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                                         94 N.J.L.J. 1002
                                        October 28, 1971


Appointed by the New Jersey Supreme Court


Conflict of Interest -
State Division of Tax Appeals
Judge and His Associates

    The inquiry is as follows:

    1.    If an associate of a firm is a judge of the State Division of Tax Appeals, may the firm represent clients in tax appeals before County Board of Taxation?

    2.    If an associate of a firm is a judge of the State Division of Tax Appeals, may the firm represent clients in appeals before the State Division if the associate does not participate in either the hearing or the decision to be made by the State Division?

    In N.J. Advisory Committee on Professional Ethics, Opinion 189, 93 N.J.L.J. 789 (1970), we thought we had set forth clearly the rationale of all previous inquiries regarding conflict of interest arising out of the relationship between lawyers, law firms and governmental agencies.
    It would seem to us that the associate of the firm involved, who is a member of the State Division of Tax Appeals, certainly could not appear before a County Board of Taxation. Decisions of the county board are appealed to the state board, of which he is a member. This should answer both questions because the prohibition governing the associate member of the firm would ascend to all members of the firm, associates and partners. The mere fact that the associate would disqualify himself in matters before the State Division involving his firm would not change the ethics of the problem.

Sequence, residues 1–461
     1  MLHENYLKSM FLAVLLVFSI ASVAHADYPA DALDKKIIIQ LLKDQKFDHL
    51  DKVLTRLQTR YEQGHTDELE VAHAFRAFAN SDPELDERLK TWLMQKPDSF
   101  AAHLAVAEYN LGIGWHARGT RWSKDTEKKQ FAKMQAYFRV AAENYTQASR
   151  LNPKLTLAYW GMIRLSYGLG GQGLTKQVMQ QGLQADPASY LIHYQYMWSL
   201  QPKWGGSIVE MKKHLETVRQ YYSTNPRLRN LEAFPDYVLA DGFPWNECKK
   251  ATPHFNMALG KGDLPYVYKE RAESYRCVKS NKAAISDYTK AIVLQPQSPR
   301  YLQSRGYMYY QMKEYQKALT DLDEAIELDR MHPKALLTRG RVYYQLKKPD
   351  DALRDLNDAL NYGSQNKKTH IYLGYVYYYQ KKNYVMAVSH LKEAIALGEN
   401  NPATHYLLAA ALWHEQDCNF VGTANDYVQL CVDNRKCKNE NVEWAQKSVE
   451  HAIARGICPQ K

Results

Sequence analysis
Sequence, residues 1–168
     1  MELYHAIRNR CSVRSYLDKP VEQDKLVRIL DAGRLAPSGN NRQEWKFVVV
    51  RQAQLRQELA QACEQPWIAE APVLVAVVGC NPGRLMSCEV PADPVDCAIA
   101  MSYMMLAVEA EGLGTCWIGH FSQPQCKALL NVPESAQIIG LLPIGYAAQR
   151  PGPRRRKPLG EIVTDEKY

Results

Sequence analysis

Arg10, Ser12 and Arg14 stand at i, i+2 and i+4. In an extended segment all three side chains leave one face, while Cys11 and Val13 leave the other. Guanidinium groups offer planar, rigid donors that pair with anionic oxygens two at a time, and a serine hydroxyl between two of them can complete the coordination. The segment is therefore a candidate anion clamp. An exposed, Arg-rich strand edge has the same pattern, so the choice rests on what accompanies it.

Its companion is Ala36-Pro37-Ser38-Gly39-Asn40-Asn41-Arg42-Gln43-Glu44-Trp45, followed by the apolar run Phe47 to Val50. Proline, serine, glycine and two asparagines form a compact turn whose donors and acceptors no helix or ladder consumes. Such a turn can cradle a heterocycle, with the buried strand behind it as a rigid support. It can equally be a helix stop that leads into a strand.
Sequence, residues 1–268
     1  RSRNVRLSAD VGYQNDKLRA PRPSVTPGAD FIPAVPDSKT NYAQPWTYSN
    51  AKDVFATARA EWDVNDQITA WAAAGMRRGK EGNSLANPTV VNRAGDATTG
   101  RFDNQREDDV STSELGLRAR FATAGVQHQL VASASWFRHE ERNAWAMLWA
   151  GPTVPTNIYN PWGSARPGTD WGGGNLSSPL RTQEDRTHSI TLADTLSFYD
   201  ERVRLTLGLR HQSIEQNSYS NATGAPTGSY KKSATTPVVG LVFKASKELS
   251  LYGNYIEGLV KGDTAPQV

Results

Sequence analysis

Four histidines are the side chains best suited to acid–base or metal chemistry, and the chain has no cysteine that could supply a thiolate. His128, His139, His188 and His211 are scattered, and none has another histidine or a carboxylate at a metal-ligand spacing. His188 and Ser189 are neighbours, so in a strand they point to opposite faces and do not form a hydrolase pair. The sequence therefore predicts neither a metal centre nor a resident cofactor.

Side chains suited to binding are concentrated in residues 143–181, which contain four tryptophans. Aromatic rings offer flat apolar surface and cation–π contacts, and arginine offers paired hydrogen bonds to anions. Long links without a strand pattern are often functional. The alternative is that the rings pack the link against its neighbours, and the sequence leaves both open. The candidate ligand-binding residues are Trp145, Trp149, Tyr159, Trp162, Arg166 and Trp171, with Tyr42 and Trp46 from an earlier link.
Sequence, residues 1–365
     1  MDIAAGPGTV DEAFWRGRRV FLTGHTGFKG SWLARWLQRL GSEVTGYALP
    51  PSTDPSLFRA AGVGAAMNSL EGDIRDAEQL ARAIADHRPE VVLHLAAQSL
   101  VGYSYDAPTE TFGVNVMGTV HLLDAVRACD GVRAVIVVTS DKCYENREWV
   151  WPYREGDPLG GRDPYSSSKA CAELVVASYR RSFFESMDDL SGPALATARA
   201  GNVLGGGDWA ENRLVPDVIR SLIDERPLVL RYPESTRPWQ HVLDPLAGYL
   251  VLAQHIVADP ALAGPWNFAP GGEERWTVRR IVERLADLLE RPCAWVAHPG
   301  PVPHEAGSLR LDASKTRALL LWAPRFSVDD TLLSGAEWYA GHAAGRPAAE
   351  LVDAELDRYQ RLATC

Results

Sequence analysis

The "appearance of wrongdoing” still remains where the public is concerned. In the Disciplinary Rules of the Code of Professional
Responsibility, DR 9-101, when read with DR 8-101, clearly establishes the guidelines for the lawyer who holds public office or a public position. It is set forth at length in our Opinion 189
herein before referred to. Public confidence in government and the profession must be preserved. The standards to be observed have been clearly set forth by this Committee in numerous opinions. See N.J. Advisory Committee on Professional Ethics Opinions 22, 87 N.J.L.J. 13 (1964); 168, 93 N.J.L.J. 7 (1970); 182, 93 N.J.L.J. 492 (1970); 186, 93 N.J.L.J. 617 (1970); 191, 94 N.J.L.J. 33 (1971); 192, 94 N.J.L.J. 44 (1971).
    For the reasons stated, the answer to the above questions is in the negative.

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